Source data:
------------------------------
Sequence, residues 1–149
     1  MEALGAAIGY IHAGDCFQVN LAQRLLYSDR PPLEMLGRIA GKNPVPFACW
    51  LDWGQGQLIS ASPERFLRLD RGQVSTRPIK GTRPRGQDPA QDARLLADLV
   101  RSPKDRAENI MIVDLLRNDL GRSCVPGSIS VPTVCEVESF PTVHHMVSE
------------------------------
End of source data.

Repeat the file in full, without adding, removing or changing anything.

Sequence, residues 1–149
     1  MEALGAAIGY IHAGDCFQVN LAQRLLYSDR PPLEMLGRIA GKNPVPFACW
    51  LDWGQGQLIS ASPERFLRLD RGQVSTRPIK GTRPRGQDPA QDARLLADLV
   101  RSPKDRAENI MIVDLLRNDL GRSCVPGSIS VPTVCEVESF PTVHHMVSE